Kanupriya Awasthi, studied at Miranda House, University of Delhi
Répondu il y a 61w
There are three types of Monetary policy followed by RBI-
- Accommodative Monetary Policy- It is followed by RBI to increase the money supply in the economy. This is done by lowering of the repo rate by the RBI (though there are other tools as well)so that borrowing money gets easier. And people consume more. It is done to boost the economy when it is slowing. This type of policy is also called as Easy or Expansionary Monetary Policy of the RBI
- Contractionary Monetary Policy- It is followed by RBI to decrease the overall supply of money in the economy. This is done by RBI with the help of increasing the repo rate. This is makes consumption difficult in the economy. This is done in order to control inflation
- A neutral stance of RBI provides it the flexibility to move in either of the directions. But, prevailing risk of inflation may mean that the RBI won't cut down the interest rates.
Vidyasagar Patnaik, Director (Grade D) - DEPR at Reserve Bank of India (2016-present)
Répondu il y a 17w · L'auteur dispose de réponses 126 et de vues de réponses 303.2k
Central Banks frame the monetary policy of the economy in their jurisdiction. Now, RBI is the central bank of the Indian Republic.
To understand what is meant by the ‘stance’ of a central bank, we need to know what exactly is the monetary policy, and how it operates. Now, the objective of any policy (fiscal, or, monetary) is to promote economic growth, increase employment, ensure price stability, etc. Fiscal policy means government budgetary policy. Now, if government wants to promote some industry, under fiscal policy, it can give the industry tax breaks, or make direct investments in that industry, etc. Such policies have direct and immediate impact on the Secor which they affect.
On the other hand, monetary policy does not have such direct policy instruments. How monetary policy tries to achieve these objectives is by channelling the money in the economy to productive sectors. Say, for instance, economic growth can be promoted by increasing investment in economy. Now, investment can increase if the rates of interest on loans (for productive purposes) are reduced. But when the rates of interest are reduced, consumption can also increase, because the cost of money (interest paid on loan) becomes cheaper. Now, if consumption in the economy (demand) increases, without a concomitant increase in production of goods (supply), the prices of goods will increase. That is, there will be inflation in the economy. Now, inflation, beyond a certain level, is very damaging to the economic growth, and can actually pull down economic growth very drastically. This has happened in several countries, and currently Venezuela is experiencing such a crisis.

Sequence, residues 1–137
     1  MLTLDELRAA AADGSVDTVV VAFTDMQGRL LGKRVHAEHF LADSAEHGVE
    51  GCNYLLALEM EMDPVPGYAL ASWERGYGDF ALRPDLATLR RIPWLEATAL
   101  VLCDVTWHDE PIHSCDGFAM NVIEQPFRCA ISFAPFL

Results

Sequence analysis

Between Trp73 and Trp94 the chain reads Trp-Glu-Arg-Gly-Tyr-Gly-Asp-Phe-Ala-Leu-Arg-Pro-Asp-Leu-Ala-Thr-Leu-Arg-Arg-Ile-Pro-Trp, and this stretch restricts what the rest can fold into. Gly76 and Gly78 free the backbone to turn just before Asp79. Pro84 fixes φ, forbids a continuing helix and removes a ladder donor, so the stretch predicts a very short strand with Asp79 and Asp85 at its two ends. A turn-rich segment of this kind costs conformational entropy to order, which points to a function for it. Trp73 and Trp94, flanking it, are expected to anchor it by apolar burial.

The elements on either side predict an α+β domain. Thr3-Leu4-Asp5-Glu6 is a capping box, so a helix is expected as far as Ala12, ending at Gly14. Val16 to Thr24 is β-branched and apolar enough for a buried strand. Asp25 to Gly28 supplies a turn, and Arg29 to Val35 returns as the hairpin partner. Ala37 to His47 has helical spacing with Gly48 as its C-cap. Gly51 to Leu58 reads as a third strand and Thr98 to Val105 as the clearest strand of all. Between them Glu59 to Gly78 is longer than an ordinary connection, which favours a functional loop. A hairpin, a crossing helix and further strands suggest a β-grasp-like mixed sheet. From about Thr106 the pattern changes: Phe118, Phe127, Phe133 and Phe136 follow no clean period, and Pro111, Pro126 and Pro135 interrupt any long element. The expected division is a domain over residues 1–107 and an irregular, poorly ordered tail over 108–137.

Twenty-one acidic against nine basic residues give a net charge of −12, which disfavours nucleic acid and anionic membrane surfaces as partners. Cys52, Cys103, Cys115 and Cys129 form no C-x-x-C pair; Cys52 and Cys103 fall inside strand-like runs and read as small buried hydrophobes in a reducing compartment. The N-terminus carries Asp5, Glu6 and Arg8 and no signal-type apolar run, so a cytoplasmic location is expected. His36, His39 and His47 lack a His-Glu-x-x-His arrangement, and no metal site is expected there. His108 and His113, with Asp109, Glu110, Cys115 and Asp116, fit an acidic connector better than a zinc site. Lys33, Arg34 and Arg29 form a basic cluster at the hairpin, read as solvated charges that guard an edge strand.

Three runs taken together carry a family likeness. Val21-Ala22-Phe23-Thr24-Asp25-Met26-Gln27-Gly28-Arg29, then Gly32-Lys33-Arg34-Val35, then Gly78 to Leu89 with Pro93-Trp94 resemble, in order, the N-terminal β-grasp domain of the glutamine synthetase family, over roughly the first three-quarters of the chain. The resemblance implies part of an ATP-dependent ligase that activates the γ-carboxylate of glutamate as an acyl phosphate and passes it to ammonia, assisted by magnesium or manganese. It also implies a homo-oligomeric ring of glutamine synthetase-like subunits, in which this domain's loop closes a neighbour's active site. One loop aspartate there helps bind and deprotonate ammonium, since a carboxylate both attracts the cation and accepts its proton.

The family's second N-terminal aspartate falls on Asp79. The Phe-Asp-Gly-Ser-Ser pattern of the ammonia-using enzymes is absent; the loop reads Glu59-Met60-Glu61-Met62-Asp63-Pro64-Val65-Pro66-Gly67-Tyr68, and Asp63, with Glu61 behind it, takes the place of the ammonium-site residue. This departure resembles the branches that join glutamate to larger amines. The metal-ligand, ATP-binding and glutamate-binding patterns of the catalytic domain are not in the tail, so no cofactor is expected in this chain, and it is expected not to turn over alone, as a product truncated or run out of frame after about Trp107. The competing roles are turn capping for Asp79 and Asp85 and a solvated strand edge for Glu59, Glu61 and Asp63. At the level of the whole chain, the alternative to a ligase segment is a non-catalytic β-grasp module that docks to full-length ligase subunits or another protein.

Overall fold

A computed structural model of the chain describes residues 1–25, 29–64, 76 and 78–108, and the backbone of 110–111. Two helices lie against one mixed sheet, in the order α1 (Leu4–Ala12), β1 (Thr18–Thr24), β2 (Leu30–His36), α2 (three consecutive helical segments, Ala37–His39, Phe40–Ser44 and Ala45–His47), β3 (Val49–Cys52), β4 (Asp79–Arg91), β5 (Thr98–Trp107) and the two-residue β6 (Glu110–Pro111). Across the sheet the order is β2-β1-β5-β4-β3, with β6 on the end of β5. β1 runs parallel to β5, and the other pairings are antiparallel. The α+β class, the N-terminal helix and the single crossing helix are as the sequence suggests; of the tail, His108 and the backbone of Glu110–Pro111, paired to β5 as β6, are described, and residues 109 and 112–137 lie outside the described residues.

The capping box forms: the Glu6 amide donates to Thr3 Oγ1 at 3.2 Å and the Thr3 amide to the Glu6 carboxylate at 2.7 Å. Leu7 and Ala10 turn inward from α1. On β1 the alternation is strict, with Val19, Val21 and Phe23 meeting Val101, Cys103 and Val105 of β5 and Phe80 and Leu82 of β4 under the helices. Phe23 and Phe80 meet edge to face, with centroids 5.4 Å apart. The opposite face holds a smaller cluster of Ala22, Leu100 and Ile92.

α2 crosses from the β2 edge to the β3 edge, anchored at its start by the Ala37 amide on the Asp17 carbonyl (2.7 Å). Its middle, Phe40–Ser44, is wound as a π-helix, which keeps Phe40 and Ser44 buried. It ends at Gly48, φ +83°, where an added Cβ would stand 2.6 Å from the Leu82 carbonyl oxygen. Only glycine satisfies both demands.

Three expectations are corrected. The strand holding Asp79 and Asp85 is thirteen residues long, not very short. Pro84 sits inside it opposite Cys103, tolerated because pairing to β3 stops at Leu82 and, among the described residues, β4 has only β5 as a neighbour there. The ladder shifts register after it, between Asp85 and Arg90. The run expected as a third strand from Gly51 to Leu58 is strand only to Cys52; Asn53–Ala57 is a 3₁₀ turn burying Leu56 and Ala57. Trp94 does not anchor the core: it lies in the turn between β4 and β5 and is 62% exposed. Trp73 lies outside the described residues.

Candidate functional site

So, reducing interest rates is not as easy or simple as it sounds. You can not have unbridled rate cuts. This is further complicated by the fact that it is the commercial banks (like SBI, ICICI, etc) which gives loans to businesses and NOT the central bank (in our case, RBI). Then how can RBI influence the commercial banks to lend at a lower rate? This can be achieved by lowering the rates at which the RBI lends to commercial banks. This rate is called the ‘policy rate’. In India, Repo Rate is the effective policy rate. Now, when banks can borrow at a cheaper rate from RBI, in theory, they should be willing to lend at a lower rate to commercial borrower. But a policy rate cut does not always translate to a interest rate reduction by the commercial banks. Because, the rates at which commercial banks lend to borrowers are dependent on several factors, including the interest they pay on deposits (it is a cost to banks), the rates at which they can raise money from the market, the rate at which they can borrow from the RBI, AND, their assessment of the riskiness of the business to which they are about to lend. The higher the risk, the higher is the lending rate. Therefore, even if the central bank lowers the policy rate, banks may not be able to lend to businesses at cheaper rates, their cost of funds is high, or business environment is not as favorable as it should be, etc, etc. Nevertheless, it does finally translate to a reduction in lending rates, but with a lag of time. Also, it is not necessary that if a central bank reduces policy rates by, say, 0.25%, the commercial banks will pass on the entire 0.25% rate cut to the final borrower. They may only reduce their lending rates by say, 0.10%, much lesser than the 0.25% rate cut by the central bank.